So I've had my eye on the Leclerc Artisat loom for a couple of weeks now. It folds, yet has a decent weaving width (36"). I'm interested in weaving yardage, so that's really the narrowest I can contemplate. It's available in four and eight shaft versions, with a conversion kit available for those who suffer late-onset harness envy. (Sorry, but I can't say 'shaft envy' with a straight face. I just can't).
It will fit neatly where the silver shelves in my studio were, until a few days ago. And there's a second hand, four-shaft one available for a really good price – about a third of the new price. But the conversion kit, plus the second hand loom, costs the same as the 8-shaft version costs, brand new. The conversion kit costs over £1000.
This throws a spanner in the works, somewhat. Leaving my 'green' credentials aside for a moment, it makes so much more sense to buy a new loom-one that doesn't need a kit retrofitted to it, that has a warranty, that I know I can get retailer support for-than it does to buy a second-hand piece of kit that will probably need alterations, that is fundamentally an unknown quantity, and which, if I decide to convert it, will cost me about as much as the new loom would.
If I decide to convert it. Four shafts certainly provides enough to play with for years and years and years – heck, even plain weave can keep a person busy for a whole career – and I've always said that my main interest in weaving comes from a desire to weave yardage for historical re-enactment purposes. Unless you buy a drawloom, four shafts is plenty good enough for that. Mind you, I haven't done any re-enactment since March, and though I'm still very interested in it, it's a cerebral kind of interest. And it's not my *only* interest.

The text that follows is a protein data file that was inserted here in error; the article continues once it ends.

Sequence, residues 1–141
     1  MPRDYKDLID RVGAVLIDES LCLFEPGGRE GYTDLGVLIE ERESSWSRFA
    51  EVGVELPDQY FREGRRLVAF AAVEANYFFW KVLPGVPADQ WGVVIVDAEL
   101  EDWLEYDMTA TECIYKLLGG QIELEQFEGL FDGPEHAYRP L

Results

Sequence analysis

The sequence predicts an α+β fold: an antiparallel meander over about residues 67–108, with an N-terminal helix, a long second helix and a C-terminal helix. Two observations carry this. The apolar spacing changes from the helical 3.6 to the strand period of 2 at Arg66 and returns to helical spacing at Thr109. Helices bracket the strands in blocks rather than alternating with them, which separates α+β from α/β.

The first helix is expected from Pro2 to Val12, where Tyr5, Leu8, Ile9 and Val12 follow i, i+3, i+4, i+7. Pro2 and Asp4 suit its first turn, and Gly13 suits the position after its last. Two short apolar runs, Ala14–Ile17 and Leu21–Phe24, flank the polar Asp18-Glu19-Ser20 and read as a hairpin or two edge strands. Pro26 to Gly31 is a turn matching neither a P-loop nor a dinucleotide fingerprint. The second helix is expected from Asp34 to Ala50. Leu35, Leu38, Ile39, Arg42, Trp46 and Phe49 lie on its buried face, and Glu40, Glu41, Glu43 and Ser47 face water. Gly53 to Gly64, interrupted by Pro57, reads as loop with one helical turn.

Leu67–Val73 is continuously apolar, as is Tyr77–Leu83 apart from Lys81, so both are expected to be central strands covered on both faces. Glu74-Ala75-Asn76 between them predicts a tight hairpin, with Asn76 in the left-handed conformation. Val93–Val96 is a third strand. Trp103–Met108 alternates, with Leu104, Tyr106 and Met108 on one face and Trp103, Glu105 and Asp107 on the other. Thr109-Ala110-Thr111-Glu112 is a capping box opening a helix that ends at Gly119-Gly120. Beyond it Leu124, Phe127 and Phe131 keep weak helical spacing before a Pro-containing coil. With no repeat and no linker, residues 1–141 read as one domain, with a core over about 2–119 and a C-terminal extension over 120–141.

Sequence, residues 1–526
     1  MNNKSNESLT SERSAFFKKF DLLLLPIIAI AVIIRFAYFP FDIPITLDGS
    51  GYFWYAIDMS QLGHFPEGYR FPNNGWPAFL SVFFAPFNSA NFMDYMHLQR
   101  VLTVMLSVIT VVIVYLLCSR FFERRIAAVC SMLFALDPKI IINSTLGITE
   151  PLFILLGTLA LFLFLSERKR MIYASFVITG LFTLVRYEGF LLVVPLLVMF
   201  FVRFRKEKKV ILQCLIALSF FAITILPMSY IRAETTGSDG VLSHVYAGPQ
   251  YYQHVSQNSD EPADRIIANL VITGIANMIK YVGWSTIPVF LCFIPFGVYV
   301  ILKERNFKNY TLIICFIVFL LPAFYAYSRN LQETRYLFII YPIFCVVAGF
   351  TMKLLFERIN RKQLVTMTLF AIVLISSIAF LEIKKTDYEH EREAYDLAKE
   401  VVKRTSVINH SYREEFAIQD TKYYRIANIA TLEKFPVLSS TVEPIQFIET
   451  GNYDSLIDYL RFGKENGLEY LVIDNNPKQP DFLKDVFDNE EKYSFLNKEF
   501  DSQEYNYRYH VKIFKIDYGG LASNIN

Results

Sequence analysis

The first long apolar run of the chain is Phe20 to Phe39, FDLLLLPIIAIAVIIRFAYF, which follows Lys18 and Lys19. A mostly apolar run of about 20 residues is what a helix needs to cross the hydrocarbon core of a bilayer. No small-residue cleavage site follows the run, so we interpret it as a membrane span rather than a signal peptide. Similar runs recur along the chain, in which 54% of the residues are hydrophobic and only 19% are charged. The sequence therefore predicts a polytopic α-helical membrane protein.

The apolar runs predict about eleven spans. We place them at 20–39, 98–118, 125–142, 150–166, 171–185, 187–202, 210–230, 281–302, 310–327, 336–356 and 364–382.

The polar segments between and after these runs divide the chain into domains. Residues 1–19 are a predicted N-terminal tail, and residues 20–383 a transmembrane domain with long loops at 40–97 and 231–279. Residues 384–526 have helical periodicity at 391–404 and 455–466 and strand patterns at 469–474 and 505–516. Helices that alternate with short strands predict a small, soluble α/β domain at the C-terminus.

My gut feeling is that, if I don't have the extra shafts, then I will probably regret it. Even if I don't use them 90% of the time, they will be worth it for the other 10%.
But I can't justify spending one and a half grand on a loom right now. Not when I have so many other things I could be doing – and that I would like to be doing. So my choices are simple:
- Go with the cheap second-hand loom now, and trade it in when the time comes.
- Go with the cheap second hand loom now, and upgrade it when the time comes.
- Wait till my birthday (March), at least, and save up for the 8-shaft loom.
Every fibre (ha!) of my being cries out against being so sensible… but I think option 3 is winning. It'll give me some time to get really stuck into that project backlog, and decide whether I want to keep (for example) that knitting machine. I can play with my two (ahem) three existing looms and think some more about what I really want to weave, and what I really want to own.
And who knows? A cheap 8-shaft second hand loom might come up in that time, too.